U.S. Treasury Sec. & former NY Fed President Timothy Geithner on the Charlie Rose show:
Mr. Geithner: ” .. I would say there were three types of broad errors of policy and policy both here and around the world. One was that monetary policy around the world was too loose too long. And that created this just huge boom in asset prices, money chasing risk. People trying to get a higher return. That was just overwhelmingly powerful.”
Mr. Rose: “It was too easy.”
Mr. Geithner: “It was too easy, yes. In some ways less so here in the United States, but it was true globally. Real interest rates were very low for a long period of time.”
Mr. Rose: “Now, that’s an observation. The mistake was that monetary policy was not by the Fed, was not . . .”
Mr. Geithner: “Globally is what matters.”
Mr. Rose: “By central bankers around the world.”
Mr. Geithner: “Remember as the Fed started — the Fed started tightening earlier, but our long rates in the United States started to come down — even were coming down even as the Fed was tightening over that period of time, and partly because monetary policy around the world was too loose, and that kind of overwhelmed the efforts of the Fed to initially tighten. Now, but you know, we all bear a responsibility for that. I’m not trying to put it on the world.”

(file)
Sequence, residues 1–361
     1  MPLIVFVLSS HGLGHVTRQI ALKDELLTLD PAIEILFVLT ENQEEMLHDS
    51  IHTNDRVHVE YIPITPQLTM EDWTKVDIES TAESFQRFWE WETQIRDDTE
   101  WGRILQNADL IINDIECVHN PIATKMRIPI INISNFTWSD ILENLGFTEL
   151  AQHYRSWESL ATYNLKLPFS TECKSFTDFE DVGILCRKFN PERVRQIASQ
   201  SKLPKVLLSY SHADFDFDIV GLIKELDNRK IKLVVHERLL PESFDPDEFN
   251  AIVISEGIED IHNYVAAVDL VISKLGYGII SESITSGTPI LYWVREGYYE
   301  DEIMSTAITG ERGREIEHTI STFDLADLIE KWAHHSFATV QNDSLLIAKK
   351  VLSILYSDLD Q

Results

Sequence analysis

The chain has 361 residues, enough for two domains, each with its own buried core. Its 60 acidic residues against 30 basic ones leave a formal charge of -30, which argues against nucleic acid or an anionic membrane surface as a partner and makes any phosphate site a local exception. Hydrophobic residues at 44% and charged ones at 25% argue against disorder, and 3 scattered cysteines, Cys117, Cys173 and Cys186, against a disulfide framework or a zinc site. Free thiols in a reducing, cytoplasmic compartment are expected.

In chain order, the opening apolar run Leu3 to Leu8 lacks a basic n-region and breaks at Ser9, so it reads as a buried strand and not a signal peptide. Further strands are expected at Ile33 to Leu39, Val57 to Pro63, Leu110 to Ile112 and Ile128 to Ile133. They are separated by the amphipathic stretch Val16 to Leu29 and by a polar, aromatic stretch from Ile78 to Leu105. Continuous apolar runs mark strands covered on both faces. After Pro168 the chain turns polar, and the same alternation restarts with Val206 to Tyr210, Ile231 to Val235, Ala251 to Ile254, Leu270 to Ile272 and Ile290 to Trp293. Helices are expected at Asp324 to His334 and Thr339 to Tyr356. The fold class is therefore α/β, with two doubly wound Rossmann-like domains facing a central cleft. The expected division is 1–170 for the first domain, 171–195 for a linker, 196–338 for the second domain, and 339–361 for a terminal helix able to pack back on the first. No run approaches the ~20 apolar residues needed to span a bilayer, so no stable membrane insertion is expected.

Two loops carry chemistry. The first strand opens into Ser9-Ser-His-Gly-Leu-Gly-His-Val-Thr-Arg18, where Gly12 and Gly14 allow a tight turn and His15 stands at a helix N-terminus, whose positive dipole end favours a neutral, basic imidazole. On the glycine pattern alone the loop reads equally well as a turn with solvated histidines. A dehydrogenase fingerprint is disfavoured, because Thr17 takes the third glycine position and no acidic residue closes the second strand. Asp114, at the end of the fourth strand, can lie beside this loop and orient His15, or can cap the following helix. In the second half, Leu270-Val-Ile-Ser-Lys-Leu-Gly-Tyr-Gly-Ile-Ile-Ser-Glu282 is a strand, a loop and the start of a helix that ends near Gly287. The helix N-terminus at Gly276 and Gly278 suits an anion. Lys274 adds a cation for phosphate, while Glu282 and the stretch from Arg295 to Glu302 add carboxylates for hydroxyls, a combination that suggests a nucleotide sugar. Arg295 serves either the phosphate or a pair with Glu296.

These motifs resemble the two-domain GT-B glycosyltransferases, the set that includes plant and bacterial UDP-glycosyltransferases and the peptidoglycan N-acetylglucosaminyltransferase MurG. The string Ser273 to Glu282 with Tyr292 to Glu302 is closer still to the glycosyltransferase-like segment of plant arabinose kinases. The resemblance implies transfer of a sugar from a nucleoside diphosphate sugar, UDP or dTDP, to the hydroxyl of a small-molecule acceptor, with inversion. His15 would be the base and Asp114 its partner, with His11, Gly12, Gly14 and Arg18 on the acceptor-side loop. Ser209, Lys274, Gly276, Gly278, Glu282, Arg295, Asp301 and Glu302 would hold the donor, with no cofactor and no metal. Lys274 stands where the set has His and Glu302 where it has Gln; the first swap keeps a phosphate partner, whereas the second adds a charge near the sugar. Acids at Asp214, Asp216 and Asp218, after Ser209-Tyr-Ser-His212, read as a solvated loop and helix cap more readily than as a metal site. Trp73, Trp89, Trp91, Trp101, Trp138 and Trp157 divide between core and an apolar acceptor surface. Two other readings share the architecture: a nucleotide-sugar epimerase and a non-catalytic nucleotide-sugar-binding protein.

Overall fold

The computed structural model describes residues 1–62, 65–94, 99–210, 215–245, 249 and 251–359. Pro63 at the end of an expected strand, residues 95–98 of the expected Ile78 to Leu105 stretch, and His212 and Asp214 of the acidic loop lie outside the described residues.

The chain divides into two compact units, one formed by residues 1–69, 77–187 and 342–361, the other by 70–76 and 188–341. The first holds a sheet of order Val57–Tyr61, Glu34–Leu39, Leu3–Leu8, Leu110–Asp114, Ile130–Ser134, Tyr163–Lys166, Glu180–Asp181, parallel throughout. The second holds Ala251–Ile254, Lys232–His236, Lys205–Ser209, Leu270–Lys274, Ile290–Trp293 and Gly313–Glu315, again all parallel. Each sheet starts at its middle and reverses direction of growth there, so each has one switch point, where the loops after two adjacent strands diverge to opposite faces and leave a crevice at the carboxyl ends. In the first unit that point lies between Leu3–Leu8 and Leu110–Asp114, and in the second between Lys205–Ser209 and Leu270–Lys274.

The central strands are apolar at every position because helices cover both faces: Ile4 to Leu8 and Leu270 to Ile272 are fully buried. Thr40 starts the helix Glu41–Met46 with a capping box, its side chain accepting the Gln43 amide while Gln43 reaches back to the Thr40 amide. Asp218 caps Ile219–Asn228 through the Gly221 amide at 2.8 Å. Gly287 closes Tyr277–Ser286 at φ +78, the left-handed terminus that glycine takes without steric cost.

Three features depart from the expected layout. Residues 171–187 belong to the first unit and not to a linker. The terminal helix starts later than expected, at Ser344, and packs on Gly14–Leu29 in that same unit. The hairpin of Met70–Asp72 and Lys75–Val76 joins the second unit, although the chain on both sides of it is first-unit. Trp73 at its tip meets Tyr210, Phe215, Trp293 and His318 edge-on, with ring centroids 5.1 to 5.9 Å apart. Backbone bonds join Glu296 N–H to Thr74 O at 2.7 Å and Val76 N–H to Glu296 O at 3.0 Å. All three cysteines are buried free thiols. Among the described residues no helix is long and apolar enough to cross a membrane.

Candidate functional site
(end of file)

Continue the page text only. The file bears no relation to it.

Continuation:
Via the Mises Econ Blog.
UPDATE: Economist Dave Beckworth:
For all the grief the Treasury Secretary is receiving, he should be given credit for this admission of policy failure. I would note, though, that monetary policy was highly expansionary across the globe primarily because it was expansionary in the United States. As I have noted earlier:
The Fed is a is a monetary hegemon. It holds the world’s main reserve currency and many emerging markets are formally or informally pegged to dollar. Thus, its monetary policy is exported across the globe. This means that the other two monetary powers, the ECB and Japan, are mindful of U.S. monetary policy lest their currencies becomes too expensive relative to the dollar and all the other currencies pegged to the dollar. As as result, the Fed’s monetary policy gets exported to some degree to Japan and the Euro area as well. (See this post on evidence for U.S. monetary policy being exported to ECB.) The global liquidity glut story seems most compelling for the 2002-2004 period when the Fed’s policy rate was negative in real terms and below the growth rate of productivity (i.e. the fed funds rate was below the natural rate). Thus, its highly accommodative monetary policy during this time was exported to the world.
I am hoping the Secretary’s admission will open the door for a mea culpa from those Fed officials who actually oversaw U.S. monetary policy at this time. If we are to learn from this experience we need to come clean on all the contributors to this economic crisis.